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Published June 18th 2014
Carson McCullers photographed by Carl Van Vechten, 1959 July 31
The Jockey is a short story depicting a moment in the life of individuals who ride horses as a profession to provide for themselves and others as a means of living.
The descriptions of the jockey from his gestures, to the movements "the jockey came to the doorway of the dining room, then after a moment stepped to one side and stood motionless, with his back to the wall." It's interesting and intriguing to read the point of view of others, especially interesting moreover of why certain stereotypes of people can be identified when reading descriptions of characters; the jockey is described by having 'crêpy eyes', "shadowed hollows at his temples and his mouth was set in a wiry smile."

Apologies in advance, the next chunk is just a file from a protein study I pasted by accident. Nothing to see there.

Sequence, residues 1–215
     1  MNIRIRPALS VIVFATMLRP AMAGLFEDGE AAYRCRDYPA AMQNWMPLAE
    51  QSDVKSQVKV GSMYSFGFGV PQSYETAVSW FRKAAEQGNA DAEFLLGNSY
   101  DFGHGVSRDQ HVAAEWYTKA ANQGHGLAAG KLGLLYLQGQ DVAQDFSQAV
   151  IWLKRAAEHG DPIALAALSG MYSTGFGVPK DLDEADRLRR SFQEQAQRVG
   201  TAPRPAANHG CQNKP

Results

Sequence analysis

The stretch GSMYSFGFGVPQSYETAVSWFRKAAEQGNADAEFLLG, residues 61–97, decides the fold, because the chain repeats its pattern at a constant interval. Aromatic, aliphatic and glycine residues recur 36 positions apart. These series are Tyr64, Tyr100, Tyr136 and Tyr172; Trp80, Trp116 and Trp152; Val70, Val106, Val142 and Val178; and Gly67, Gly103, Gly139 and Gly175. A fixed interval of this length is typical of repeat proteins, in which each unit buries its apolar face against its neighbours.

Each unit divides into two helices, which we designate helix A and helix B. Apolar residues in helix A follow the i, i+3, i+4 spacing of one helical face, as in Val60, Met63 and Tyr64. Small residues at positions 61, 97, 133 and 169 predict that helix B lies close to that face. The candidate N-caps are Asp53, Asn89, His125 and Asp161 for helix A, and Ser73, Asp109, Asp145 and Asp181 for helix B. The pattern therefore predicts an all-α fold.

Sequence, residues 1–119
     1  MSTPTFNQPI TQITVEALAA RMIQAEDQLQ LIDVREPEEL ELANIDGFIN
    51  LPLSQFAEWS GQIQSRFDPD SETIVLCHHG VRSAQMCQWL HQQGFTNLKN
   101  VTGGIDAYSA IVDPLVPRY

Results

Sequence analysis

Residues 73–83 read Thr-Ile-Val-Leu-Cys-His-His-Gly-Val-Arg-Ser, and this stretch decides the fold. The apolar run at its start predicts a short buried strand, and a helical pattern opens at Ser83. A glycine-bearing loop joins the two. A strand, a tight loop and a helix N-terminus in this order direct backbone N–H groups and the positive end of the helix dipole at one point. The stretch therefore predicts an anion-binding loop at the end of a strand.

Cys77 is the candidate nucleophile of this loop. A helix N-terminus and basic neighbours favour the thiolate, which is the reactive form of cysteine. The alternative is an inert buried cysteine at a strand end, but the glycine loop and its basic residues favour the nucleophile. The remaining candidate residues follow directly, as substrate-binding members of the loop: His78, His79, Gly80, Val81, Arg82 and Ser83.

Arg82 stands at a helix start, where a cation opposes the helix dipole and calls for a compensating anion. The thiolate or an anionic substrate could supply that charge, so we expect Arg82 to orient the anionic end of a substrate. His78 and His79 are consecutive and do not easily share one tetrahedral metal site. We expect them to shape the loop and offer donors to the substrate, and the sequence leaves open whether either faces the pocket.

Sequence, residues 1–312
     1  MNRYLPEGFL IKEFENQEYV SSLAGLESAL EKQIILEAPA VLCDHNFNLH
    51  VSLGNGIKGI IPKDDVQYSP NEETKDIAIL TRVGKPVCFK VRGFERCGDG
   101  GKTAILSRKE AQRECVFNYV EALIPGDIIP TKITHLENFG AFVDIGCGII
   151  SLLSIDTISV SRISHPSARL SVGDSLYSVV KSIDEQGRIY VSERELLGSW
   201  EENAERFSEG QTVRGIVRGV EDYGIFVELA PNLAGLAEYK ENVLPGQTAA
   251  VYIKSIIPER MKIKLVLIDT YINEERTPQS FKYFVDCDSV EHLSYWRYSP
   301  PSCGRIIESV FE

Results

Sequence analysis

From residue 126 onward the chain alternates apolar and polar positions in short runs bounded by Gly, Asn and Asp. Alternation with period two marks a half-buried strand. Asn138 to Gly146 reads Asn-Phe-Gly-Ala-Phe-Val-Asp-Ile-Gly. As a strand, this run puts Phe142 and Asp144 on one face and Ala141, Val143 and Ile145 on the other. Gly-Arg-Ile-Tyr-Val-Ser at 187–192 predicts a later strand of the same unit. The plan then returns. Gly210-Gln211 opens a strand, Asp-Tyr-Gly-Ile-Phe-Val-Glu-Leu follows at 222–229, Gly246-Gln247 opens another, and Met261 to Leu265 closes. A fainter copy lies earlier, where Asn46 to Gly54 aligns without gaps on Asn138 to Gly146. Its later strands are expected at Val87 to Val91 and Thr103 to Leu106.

Small, easy/light of build men are more than not deemed of appearance in fact the job description requires that, but how Carson McCullers takes these physical attributes and contracts them to develop the characters personality is an aspect that is insightful.
Readers will find that as they continue through the narrative, more and more characteristics of the jockey become pronounced leading up to a climax at the end where a meeting discussing business matters turn sour.
Although it is a short story, there is enough good dialogue and the occasional humorous descriptions to keep the average readers attention.